The PERFECT Sales Business Review Agenda


8:00 What did you say you would do?

8:10 What did you do?

8:20 What worked?

8:40 What didn’t work?

9:00 What did you learn?

9:15 What are you going to do moving forward?


It’s really that easy.

Here is the problem. Most sales leaders don’t create a culture of accountability. What accountability there is, is centered around quota. The problem is, quota doesn’t address accountability.

The best way to build accountability and ensure your team is heading in the right direction is the quarterly business review. It’s not enough however to just do quarterly business reviews, you have to do them right.

Yes! There is a right way and a wrong way to a business review.

The wrong way and the most common way sales organizations do business reviews is to treat them “literally” like a review. They are a “state of sales” presentation, where sales and sales leaders provide an overview of what they’re doing and where they are in relationship to quota and their other sales metrics. They provide an overview of their business. They share high-level or detailed info on their accounts, reiterate the commitment to quota and sit down. Sr. management asks some questions, challenges a few points and presentation done.

This is not the right way to do a business review. Too much is left open, there is little commitment to specific goals and initiatives and it’s hard to understand what the sales rep or manager is going to do the next quarter.

The right way to do a business review is like this:

What did you say you would do?

The sales leader or sales person starts with what they said they were going to do that quarter. This includes KPI’s; quota, margin, pipeline, average deal size, win/loss ratio etc. All the hard numbers are evaluated. The presenter needs to own whether or not they accomplished what they said they would that quarter. Simply put, the presenter must state if they made them or not?

Then the presenter reviews their initiatives. Did they complete the initiatives they committed to at the beginning of the quarter? Key initiatives can include; key hires, new processes developed, critical contacts made, key relationships hired, critical meetings had, etc. Each sales leader and sales rep should have a number of quarterly initiatives. This section is pretty quick and black and white. They either did what they say they would or they didn’t.

What worked?

Once the sales leader or sales rep has articulated how successful they were or weren’t, they must share their thoughts on what activities, initiatives, and effort they engaged in that quarter worked. The point here is to highlight the efforts that are positively creating impact so they can be amplified, continued and improved. What worked that quarter? This is different from what you said you would do. If you exceeded your quarterly number because you made 25% more cold calls. Increasing the number of cold calls is what worked, NOT the fact you exceeded your quarterly number.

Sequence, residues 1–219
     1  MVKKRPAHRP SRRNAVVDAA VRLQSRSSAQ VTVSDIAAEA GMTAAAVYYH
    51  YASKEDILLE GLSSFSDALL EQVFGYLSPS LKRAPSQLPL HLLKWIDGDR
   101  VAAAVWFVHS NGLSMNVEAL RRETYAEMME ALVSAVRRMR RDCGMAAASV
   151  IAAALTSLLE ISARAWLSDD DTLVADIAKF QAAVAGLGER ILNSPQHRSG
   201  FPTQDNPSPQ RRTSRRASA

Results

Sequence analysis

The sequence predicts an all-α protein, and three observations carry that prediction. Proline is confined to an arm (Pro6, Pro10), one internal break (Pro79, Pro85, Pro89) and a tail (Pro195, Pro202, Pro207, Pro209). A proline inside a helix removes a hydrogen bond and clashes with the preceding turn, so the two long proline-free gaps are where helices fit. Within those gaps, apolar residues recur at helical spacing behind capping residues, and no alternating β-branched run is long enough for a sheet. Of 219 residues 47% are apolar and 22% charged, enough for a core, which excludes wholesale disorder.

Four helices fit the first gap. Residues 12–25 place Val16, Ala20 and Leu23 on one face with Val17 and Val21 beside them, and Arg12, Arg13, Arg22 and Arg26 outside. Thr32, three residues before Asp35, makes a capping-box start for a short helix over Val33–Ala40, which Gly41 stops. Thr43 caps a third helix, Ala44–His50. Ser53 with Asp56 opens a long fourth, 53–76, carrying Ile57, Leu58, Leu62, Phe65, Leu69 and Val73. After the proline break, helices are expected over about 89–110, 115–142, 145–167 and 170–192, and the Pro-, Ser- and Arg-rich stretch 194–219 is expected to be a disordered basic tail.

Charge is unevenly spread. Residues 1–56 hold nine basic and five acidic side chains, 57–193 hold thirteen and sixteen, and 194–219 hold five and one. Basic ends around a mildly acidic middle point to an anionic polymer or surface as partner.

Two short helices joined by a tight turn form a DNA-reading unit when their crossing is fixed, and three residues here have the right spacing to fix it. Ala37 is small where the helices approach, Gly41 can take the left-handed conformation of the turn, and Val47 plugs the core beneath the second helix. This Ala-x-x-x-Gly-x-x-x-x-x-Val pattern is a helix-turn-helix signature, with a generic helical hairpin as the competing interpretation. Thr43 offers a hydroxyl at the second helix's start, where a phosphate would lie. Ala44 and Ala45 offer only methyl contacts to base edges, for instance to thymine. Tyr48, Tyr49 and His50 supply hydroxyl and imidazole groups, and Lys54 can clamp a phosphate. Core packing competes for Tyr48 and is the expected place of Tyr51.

What didn’t work?

Once the presenter has finished sharing what worked, they need to share what didn’t work. What activities, efforts, initiatives, or commitments didn’t work. What did they do that quarter that DIDN’T get the results they were working for. The purpose of this section is to shed light on the efforts that are wasting time, that aren’t producing results in order to stop them. You’d be amazed at how long sales people and sales leaders continue an effort that ISN’T producing the results they want. This section should stop any unproductive initiatives or effort before too much time is wasted. Be very diligent here. Use extreme inspection.

What did you learn?

Based on what the presenter said they would do vs. what they actually did, in conjunction with their assessment of what worked and what didn’t, the sales rep or sales leader should be able to articulate, in substantial detail, what they learned that quarter. What they learned about the accuracy of their strategy, the effectiveness of their initiatives, what they need to stop, what they need to start doing and what they need to keep doing. This section is critical. With out a discussion on learnings, nothing changes. This section is meant to ferret out the “whys” of the first four questions; why something didn’t didn’t work, why that one thing did work, and what did I say I would do and why I was able to do what I did.

Make sure the presenter has a solid set of learnings.

What am I going to do moving forward?

This sections sets up the next quarterly business review. This is where the sales rep or sales leader commits to a new set of quarterly numbers and initiatives. The presenter must commit to their KPI’s. They need to put on paper and commit to the team how much revenue, margine, their average deal size, pipeline growth, etc.will be. It’s about committing a number or set of numbers. The second half is a commitment to a set of initiatives critical to achieving their goals/KPI’s and improve their overall business. These initiatives must be documented and listed out in a S.M.A.R.T. (Specific, Measurable, Achievable, Realistic and Timebound) fashion.

The goals and initiatives put in this section now act as the cornerstone for the next quarters business review. They are the, “What did you say you would do?”

That’s it. Wash, rinse, repeat.

There is no better way to hold people accountable and drive the results you need than by focusing on what people say they will do and then analyzing how they did it.

Use this approach and your quarterly meetings will be more effective, will bring more value to the business and most importantly create a culture of agile account and sales team management.

Quarterly meetings should be used to further your efforts not just report on them. Take a look at your quarterly sales business review. Does it increase the probability you make your goals and increase sales? — If not, you’re doing it wrong.

Enhanced by Zemanta